Anyways, because the Monday and Friday fell within different months this week, I had to work all five days this week. But on the plus side that meant getting out while the sun was still pretty high in the sky. I ended up taking advantage of it by biking into work on Tuesday. I had actually had my bike ready and my panniers packed, ready to go for a ride to work since the beginning of the year. I had been planning to bike in at least once a week, but I’ve been lazy. But with gas over $4 a gallon, it starts making more sense to ride in. I just need to find a way to haul my butt out of bed…

Today I went for a short jog at McKinley park after work. I don’t especially like running, I mostly run when I’ve eaten too much during the day. Today I felt obligated to run because I had buffet with coworkers at Mizu. It’s actually quite nice running at McKinley park. I might do it more, even without eating buffet. I guess part of the reason why I don’t like running is because I run towards the end of the day, under cover of darkness. It’s actually not so bad when you’re running during the day through cherry blossoms and sleepy ducks and swans.

On a completely random, unrelated note… I saw the Google self driving car this week. On Wednesdays I’ve been going to a bible study in Sac, this week we met at Happy Corner, which is right next to Akebono. The driver of the car came out when he saw us standing around the car taking pictures (with our Google Android phones). He was pretty cool, he talked to us about the technology behind the car and random stuff, even though we probably interrupted his meal.

So anyways, this week was a nice change. Getting off early was nice. But I’m looking forward to going back to four-tens and having Mondays off.

Things I am thankful for:

  • flexible employment
  • Vibram five finger running shoes
  • bike lanes
  • Google super engineers
  • bible study buddies

twelve pounds

My work has a holiday tradition called the twelve pounds of Christmas. For twelve days there’s a potluck every work day leading up to Christmas, except for one day off for the annual holiday party (which is a buffet.)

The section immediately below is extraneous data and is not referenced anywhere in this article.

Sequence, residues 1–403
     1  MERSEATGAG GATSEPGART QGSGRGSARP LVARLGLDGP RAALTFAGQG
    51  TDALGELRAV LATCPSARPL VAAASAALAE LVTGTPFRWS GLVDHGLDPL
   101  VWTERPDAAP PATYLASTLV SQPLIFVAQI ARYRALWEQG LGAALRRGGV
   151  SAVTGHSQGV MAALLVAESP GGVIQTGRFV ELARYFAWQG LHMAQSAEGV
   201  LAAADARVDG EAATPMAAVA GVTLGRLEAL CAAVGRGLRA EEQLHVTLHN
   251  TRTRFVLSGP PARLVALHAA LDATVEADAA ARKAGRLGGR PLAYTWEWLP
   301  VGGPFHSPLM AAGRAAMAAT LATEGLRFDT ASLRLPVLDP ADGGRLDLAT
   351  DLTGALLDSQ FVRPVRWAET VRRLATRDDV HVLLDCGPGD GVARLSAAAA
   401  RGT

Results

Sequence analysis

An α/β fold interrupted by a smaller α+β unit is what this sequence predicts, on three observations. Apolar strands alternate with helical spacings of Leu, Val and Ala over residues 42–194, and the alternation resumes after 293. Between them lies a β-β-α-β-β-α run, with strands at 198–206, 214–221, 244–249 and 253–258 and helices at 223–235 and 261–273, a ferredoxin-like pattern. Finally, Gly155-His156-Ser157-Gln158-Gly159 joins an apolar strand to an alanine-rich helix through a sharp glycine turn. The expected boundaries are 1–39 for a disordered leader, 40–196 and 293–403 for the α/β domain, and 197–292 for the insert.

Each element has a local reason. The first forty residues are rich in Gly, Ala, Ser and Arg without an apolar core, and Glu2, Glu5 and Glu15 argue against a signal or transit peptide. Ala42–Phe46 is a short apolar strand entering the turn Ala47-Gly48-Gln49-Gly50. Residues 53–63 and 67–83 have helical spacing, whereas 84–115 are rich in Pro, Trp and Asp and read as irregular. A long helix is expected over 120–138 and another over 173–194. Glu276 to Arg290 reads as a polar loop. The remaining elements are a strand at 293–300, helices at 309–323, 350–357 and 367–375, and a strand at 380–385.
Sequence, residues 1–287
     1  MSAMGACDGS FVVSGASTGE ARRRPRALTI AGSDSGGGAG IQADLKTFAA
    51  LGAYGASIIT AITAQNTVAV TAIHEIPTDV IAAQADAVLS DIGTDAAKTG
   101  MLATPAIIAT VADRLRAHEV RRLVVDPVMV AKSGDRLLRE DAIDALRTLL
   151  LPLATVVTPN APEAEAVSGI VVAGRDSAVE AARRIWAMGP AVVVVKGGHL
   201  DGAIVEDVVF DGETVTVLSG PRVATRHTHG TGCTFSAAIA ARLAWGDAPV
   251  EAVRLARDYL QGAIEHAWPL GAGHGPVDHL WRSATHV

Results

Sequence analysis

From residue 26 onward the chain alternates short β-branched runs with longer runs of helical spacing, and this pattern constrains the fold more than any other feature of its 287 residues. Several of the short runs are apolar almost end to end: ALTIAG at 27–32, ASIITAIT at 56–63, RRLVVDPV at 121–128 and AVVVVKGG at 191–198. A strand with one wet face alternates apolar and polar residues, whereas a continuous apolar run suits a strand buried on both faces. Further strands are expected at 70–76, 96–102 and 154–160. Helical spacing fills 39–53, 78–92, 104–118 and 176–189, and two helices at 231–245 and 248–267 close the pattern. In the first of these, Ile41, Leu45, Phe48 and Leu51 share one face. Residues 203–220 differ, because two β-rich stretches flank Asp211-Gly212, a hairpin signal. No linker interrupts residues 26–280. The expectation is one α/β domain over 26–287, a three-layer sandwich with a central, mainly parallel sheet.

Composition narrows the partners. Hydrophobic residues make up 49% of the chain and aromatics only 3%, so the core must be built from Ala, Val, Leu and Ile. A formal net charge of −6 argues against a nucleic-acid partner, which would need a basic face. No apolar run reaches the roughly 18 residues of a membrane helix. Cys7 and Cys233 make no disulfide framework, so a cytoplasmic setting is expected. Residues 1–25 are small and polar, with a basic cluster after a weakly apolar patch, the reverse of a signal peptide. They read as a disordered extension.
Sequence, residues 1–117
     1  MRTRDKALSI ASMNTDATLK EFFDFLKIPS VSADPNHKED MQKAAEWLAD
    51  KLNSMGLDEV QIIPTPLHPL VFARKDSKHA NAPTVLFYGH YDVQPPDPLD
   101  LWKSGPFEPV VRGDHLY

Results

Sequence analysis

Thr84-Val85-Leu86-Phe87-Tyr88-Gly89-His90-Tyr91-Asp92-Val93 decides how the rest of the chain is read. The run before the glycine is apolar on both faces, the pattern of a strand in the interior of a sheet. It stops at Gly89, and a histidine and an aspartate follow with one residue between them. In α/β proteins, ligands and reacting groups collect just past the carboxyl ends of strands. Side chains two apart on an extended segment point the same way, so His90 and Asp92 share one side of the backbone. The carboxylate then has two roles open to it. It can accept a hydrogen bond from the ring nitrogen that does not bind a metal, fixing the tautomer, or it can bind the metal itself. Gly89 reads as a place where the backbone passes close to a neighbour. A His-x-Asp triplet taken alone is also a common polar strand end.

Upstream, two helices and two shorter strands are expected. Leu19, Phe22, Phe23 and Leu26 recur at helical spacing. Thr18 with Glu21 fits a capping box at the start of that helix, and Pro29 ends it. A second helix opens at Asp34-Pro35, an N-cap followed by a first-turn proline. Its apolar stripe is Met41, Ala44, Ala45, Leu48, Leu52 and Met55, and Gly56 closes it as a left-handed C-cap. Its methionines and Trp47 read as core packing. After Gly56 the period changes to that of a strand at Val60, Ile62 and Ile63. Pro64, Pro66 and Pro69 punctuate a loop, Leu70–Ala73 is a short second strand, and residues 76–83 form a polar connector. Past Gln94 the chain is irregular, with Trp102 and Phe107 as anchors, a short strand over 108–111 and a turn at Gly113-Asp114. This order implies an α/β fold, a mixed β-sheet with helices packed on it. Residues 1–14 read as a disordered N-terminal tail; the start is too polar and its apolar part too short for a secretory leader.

My work is organized into different bureaus, and each day a bureau brings in food for the entire office. So basically you bring food in one day and chow down for the rest of the days. For some reason this year it seems almost like a competition, with each bureau trying to outdo each other.

The potlucks used to be held in the upstairs meeting room, but for some reason this year they moved them to the downstairs meeting room, which is at most ten feet from my cubicle. Willpower comes a lot easier when you have to climb a flight of stairs to see the food. This year the food is basically in front of my face, and I can constantly smell it, so willpower is in short supply.

Yet somehow, up until this week I was able to stay away, just nibbling here and there. But on Monday things changed when the potluck got cranked up another notch. Somebody started cooking bacon in the meeting room. The smell and sound of sizzling bacon was intoxicating. They should have laws against cooking bacon in the office because I’m pretty sure productivity drops to zero when the aroma of cooked bacon wafts through the office.

Today things got even crazier. Somebody brought a chocolate fountain in. Best invention ever. I started off slowly, eating a few pieces of fruit dipped in chocolate. But later somebody brought in doughnuts, marshmallows and rice krispy squares. “I’m already in this, might as well go big…” I thought, as I drenched a doughnut in chocolatey goodness.

I guess by go big, I meant stomach go big.